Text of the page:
?> ETFs Explained: Here's How Exchange-Traded Funds Work

ETFs Explained: Investing Basics

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The popularity of exchange-traded funds (ETFs) has been skyrocketing in recent years. In 2003, there were only about 100 ETFs. Today, there are over 2,000.

Although mutual funds still contain a greater amount of assets when compared to ETFs (your 401k is probably all in mutual funds), ETFs are rapidly catching up. 

In this article, projectfinance is going to explain why investors are flocking to ETFs and leaving traditional mutual funds in the dust. We will cover topics such as how ETFs are formed, what to look at specifically before purchasing an ETF (fund objective and fees), how an ETF maintains price stability, and why ETFs are superior to mutual funds. 

First off, we are going to learn what exactly an ETF is. Although you probably know the broad strokes of how ETFs work, let’s paint the whole picture of an ETF with the painting analogy.

   Highlights

  • Exchange-traded funds (ETFs) pool together investors money to invest in baskets of securities.
  • Unlike mutual funds, ETFs are traded on exchanges, allowing for greater liquidity.
  • An ETFs prospective informs investors about important information such as the fund objective, expense ratio, relative price performance, and net asset value. 
  • “Authorized Participants” help to keep the fund’s NAV in line with the price of the underlying securities that compose it.
  • Mutual funds have minimum investments; ETFs don’t. Mutual funds are illiquid; ETFs are generally very liquid; mutual funds often have two fees; ETFs have one.

What is an ETF?

ETF is an acronym for “exchange-traded fund”. An ETF falls under the ETP (exchange-traded product) umbrella .

Here is the textbook definition of an ETF.

Exchange-Traded Fund (ETF) Definition:  An exchange-traded security that tracks one (or more) asset types, including indexes, sector’s and commodities.

Pretty simple, right? ETFs represent a bundle of securities that typically trade within an asset class on an exchange.

If you’re fortunate enough to have a 401k plan, you are probably familiar with mutual funds. If you were to look up the definition of a mutual fund, you would find a very similar definition with one very important exception: mutual funds are NOT traded on exchanges in the open market.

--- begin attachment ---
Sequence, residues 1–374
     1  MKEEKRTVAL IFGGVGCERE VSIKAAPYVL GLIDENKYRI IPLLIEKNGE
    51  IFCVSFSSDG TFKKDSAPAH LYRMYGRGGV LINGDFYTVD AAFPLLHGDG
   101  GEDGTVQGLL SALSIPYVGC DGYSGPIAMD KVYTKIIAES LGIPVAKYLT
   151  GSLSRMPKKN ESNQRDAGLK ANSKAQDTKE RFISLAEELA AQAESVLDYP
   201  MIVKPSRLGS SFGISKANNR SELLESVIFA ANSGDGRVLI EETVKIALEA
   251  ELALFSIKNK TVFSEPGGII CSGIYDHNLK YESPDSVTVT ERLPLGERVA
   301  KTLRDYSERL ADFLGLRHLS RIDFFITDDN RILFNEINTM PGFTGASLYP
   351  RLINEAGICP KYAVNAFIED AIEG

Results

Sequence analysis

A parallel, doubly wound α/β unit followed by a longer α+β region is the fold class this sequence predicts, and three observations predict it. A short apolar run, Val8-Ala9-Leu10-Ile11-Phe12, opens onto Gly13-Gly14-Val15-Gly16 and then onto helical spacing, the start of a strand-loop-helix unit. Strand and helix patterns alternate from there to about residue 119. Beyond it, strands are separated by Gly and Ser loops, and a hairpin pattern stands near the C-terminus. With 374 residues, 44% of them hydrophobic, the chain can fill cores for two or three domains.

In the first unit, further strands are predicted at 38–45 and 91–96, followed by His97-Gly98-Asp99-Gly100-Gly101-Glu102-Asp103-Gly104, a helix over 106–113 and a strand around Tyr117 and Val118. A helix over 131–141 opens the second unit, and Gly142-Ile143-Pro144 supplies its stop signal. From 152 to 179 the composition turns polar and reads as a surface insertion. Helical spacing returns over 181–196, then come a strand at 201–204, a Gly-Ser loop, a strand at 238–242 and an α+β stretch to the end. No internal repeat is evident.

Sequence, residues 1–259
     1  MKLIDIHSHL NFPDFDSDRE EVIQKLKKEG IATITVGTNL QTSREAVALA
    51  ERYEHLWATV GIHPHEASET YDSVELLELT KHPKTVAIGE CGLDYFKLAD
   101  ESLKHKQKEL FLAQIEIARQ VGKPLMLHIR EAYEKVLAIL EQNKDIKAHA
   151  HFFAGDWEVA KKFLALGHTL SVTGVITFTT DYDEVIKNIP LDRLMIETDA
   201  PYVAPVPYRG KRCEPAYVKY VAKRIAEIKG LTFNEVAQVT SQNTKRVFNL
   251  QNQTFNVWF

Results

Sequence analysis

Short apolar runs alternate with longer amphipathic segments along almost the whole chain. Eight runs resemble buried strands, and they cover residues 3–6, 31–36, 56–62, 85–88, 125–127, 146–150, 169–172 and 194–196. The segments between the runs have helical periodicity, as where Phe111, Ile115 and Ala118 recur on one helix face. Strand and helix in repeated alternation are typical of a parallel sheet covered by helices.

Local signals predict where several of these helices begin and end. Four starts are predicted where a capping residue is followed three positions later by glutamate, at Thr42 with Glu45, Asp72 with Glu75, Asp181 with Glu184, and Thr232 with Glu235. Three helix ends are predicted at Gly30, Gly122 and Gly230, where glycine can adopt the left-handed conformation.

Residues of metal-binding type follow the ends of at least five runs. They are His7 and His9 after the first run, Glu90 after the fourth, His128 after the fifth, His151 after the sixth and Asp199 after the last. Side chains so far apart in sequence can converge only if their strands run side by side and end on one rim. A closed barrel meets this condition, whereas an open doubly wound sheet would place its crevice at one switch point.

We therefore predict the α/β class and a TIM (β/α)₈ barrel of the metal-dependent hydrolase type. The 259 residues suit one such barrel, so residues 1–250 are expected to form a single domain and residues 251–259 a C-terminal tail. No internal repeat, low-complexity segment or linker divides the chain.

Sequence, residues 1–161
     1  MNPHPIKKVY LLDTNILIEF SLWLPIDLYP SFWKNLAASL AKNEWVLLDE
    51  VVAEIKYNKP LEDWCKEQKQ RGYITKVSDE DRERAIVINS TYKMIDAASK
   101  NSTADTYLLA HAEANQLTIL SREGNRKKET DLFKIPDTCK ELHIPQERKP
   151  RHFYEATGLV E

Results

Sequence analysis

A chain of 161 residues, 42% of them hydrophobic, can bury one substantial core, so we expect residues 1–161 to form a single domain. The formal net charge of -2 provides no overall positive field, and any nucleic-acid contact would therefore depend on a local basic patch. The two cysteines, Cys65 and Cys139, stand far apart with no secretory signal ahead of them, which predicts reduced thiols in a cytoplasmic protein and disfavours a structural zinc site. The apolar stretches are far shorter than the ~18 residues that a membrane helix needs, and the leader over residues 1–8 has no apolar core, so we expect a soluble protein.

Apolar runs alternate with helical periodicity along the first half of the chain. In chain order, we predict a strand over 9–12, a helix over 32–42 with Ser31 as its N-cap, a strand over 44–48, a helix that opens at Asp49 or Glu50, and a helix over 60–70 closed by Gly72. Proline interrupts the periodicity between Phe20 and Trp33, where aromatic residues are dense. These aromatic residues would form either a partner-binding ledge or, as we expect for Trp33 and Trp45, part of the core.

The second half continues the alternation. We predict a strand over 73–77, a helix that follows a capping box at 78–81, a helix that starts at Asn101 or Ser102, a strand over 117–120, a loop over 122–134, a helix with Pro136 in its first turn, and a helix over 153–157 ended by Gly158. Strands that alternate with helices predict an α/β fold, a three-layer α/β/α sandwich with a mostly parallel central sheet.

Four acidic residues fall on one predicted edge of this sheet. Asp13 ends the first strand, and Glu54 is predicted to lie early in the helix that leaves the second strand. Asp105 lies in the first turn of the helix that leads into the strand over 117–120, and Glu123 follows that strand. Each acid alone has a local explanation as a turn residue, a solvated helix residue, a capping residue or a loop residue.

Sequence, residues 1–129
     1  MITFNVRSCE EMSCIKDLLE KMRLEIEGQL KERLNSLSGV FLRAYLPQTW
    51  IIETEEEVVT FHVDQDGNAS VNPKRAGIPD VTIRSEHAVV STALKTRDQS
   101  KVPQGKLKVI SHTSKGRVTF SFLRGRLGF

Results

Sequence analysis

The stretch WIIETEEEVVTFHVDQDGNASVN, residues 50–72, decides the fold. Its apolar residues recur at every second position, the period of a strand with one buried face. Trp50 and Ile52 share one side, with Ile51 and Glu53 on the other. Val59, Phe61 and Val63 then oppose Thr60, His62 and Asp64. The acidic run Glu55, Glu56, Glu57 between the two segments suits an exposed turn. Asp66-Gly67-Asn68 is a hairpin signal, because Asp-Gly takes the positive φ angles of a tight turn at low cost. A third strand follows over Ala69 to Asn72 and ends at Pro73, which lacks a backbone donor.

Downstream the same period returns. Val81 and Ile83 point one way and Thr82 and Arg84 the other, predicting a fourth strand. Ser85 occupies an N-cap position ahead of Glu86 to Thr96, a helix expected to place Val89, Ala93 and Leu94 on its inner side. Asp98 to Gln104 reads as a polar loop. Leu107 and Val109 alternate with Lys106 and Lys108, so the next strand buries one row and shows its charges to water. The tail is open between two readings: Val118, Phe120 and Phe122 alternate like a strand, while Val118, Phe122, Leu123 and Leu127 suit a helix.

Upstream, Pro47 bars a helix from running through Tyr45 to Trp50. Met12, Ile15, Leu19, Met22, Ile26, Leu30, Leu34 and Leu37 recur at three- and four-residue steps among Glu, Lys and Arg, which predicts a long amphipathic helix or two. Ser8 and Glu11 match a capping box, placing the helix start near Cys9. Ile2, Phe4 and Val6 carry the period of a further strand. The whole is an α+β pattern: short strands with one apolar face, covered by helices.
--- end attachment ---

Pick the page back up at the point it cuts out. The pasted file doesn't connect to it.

Having the ability to trade your security on exchanges is a huge bonus to investors. Just like shares of stock (AAPL or AMZN), you can purchase and sell ETFs in real-time and get filled at prices that you determine. Mutual funds? Not so much. 

In order to understand the mechanics of ETFs, let’s start off with an analogy comparing an ETF to an investment in the art world.

Simple ETF Example: Painting Analogy

Painting

Since I’m writing this article in Figueres, Spain, I thought the art of Salvador Dali would be appropriate. 

Let’s say that you were part of that small crowd that adores Dali. The above work (we’ll call it a painting) goes up for auction and sells for the insanely high price of 100 million dollars. You were at the auction, but you had only $500 to invest. Wouldn’t it be great if you could buy a piece of the painting (perhaps a tiny blotch of paint) for only $500? 

That way, if, in 10 years, the painting were to double in value, you will make a profit of $500. 

This “pooling” of funds is essentially what an ETF is. By combining your money with others, you can create enough wealth to buy complete artworks (or asset categories). So how would it work here?

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“Creating” an ETF Fund

The creator (or seller) of the painting would create a “fund” and hold said painting in this fund. Next, the creator will issue 20 million shares to make up the whole 100 million dollar value of the fund. 

Since the fund’s assets are worth 100 million, and the creator issued 20 million shares, then each share must be worth (100/20) $5/share. 

This setup allows us to buy a share of this fund for only $5. We can then partake in the increase and decrease of the painting’s value over time.

But where do we do the buying and selling of our shares? 

How about if we had a central location with brokers and traders that could help facilitate these transactions?

“Listing” an ETF Fund

Lastly, the fund’s creator would publicly list these $5 shares on a stock exchange. 

After this step is complete, investors from around the world can buy shares of this fund, therefore giving everyone exposure to our 100 million dollar painting. 

Since we wanted to invest $500 in the painting, how many shares were we able to buy?

Simply dividing our total investment ($500) by the per-share price ($5) gives us exactly 100 shares of the painting. 

Now let’s say five years pass and that painting is now worth $200 million dollars. How much will our initial investment of $500 be worth?

Bingo. $1,000. We can then sell our shares back in the open market to lock in our profit. 

An ETF operates just like this painting example; it is a method of dividing a portfolio of assets into numerous shares. By doing so, we allow investors of all different sizes to participate in the ownership of the fund’s assets. 

Again, buying an ETF is very similar to buying shares of a company. If you were to buy shares of Apple (AAPL), you would have a small piece of ownership of the company. Instead of having ownership in a single company, an ETF allows us to own numerous companies (or any asset class type, like energy) through a single fund. 

ETFs are therefore a great tool to democratize investing.

Real World ETF Example: S&P 500 ETF Trust (SPY)

If you understand the above painting analogy, you should have no problem with understanding how a real-world ETF works, such as State Street’s SPDR S&P 500 ETF Trust, or simply SPY.